birch bark

Non-Timber Forest Products

University of Maine Cooperative Extension’s natural resources experts conduct field research and provide information and consultation for people who harvest and use non-timber forest products.

4-H-made balsam fir pillow, 2008; ca. 1920 balsam fir pillow; birch bark creations; and weather sticks, used in northern Maine lumber camps in the 1800s.
Clockwise, starting at upper left: 4-H-made balsam fir pillow, 2008; balsam fir pillow ca. 1920; birch bark creations; and weather sticks, used in northern Maine lumber camps in the 1800s.

What are non-timber forest products?

  • Fiber: brown/black ash, spruce roots, bark
  • Food: berries, fiddleheadsmaple syrup, mushrooms, nuts, wild leeks (ramps)
  • Herbs and medicinals: compounds from pine, needles and birch bark, goldthread
  • Maine Woods Icons: balsam fir pillows, weather sticks
  • Ornamentals: balsam fir and pine boughs, cedar, birch bark, branches, cones
  • Resin: spruce gum, balsam fir
  • Seeds: wildflowers, conifer

Small business, the Maine woods, and non-timber forest products — a rich tradition!

Potential for the State of Maine

  • enhancing small business development in rural forested areas
  • helping farmers and other woodlot owners supplement incomes between timber harvests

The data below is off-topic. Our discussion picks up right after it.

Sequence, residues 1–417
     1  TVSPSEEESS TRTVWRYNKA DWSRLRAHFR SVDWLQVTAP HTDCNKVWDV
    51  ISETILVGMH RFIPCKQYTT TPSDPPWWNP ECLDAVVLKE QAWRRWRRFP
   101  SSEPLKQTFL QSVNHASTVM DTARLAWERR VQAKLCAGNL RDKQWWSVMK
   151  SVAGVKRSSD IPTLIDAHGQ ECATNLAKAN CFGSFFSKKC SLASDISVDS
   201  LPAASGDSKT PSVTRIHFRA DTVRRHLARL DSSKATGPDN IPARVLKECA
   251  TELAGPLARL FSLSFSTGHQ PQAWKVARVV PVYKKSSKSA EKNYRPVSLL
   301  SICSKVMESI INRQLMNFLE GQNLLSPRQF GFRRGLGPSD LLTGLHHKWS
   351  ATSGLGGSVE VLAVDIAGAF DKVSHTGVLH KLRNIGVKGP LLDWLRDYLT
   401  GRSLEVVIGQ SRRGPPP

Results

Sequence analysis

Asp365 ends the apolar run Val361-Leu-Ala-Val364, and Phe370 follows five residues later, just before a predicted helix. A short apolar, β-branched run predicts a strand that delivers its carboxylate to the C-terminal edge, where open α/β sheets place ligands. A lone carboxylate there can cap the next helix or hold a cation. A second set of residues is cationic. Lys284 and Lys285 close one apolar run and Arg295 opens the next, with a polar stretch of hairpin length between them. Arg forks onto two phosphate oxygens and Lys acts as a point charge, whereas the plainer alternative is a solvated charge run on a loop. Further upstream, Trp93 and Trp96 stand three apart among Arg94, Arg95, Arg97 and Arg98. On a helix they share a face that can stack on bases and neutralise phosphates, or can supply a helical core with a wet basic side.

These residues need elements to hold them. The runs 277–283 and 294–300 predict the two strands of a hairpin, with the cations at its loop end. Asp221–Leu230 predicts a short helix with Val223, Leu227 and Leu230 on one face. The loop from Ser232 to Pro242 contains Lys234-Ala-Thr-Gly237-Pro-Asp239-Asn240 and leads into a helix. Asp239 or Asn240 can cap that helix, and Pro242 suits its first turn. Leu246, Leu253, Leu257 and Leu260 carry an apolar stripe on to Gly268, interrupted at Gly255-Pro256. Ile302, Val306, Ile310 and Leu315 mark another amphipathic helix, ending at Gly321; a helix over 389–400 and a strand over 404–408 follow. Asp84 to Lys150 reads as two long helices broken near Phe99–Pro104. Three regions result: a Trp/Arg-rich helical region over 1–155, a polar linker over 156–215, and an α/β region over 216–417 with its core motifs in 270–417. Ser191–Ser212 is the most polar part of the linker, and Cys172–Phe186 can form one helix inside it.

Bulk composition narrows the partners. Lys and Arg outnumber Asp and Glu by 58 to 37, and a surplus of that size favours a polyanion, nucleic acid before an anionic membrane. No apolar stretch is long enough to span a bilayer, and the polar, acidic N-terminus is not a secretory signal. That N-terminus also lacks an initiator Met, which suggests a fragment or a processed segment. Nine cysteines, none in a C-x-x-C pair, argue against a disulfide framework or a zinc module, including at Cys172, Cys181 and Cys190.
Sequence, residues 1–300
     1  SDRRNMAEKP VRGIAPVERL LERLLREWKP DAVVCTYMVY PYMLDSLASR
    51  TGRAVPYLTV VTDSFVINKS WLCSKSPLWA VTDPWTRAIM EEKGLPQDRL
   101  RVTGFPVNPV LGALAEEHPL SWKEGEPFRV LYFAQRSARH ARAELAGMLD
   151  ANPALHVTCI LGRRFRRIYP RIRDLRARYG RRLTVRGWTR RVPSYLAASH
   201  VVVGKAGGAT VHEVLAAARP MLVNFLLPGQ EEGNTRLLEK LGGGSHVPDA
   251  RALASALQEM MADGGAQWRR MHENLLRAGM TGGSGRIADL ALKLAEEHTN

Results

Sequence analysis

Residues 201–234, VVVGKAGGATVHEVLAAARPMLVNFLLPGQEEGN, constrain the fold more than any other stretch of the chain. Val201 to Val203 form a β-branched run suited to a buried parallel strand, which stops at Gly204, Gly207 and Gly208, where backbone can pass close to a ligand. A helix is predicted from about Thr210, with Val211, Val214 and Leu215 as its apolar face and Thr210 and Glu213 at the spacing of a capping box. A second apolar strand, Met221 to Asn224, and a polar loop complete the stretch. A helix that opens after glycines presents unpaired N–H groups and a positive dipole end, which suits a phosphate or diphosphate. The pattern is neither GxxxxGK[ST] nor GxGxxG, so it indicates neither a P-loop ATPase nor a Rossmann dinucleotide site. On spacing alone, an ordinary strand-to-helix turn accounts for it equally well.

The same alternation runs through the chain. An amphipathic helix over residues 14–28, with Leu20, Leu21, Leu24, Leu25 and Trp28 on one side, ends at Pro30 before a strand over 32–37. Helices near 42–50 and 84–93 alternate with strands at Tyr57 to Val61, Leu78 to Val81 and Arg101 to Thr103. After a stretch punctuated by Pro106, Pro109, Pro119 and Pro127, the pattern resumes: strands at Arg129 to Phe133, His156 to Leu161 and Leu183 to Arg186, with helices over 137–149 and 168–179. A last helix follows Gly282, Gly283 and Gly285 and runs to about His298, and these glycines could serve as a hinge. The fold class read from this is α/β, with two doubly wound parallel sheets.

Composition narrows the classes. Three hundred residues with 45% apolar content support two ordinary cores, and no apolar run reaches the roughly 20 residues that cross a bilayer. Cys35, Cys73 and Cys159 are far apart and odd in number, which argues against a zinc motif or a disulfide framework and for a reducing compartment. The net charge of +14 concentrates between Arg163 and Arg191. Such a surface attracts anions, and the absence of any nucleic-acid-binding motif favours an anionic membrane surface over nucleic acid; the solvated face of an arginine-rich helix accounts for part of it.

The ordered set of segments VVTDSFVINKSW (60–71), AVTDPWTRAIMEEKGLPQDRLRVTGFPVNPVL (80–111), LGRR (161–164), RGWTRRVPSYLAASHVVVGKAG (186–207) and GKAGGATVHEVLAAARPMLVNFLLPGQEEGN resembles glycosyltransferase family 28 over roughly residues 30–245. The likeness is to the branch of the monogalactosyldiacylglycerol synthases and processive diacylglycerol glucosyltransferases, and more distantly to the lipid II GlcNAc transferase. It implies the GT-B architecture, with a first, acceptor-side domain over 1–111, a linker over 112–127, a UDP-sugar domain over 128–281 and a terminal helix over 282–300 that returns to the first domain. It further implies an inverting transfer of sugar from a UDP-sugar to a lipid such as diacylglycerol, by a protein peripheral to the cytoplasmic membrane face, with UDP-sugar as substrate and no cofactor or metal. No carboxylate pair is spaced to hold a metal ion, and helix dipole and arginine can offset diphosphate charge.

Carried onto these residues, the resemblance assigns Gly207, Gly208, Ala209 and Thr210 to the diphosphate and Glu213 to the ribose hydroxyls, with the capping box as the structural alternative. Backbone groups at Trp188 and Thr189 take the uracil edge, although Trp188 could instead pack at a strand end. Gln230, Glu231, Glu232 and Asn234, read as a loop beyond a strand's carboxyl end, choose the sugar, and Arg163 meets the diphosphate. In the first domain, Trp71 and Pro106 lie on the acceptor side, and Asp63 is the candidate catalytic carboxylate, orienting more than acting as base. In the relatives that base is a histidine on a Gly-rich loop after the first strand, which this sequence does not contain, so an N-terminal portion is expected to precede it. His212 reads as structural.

• assisting farmers and other woodlot owners to pay their taxes and keep family forests as forests
  • engaging youth in the forests of Maine

Non-timber forest products are an important part of Maine’s heritage and culture and have a current estimated value of $55 million/year.


Money Can Grow On Trees

Connecting youth and the spirit of entrepreneurship with the Maine woods through history, science, sustainable harvest, and creativity.

With support from Franklin Savings Bank and Skowhegan Savings.

Panel 2 of Money Can Grow on Trees display: collage of photos showing 4-H'ers making balsam swags

Panel 3 of Money Can Grow on Trees display: Program benefits - Youth learn business skills: Planning and organizing; Financial record-keeping; Problem solving; Customer service and communication skills. Youth learn about and gain an appreciation for the Maine woods: Science of sustainable forest management; Maine woods history; Alternate uses of timber species; Keeping forests as forest; Learn how to sustainably harvest forest products.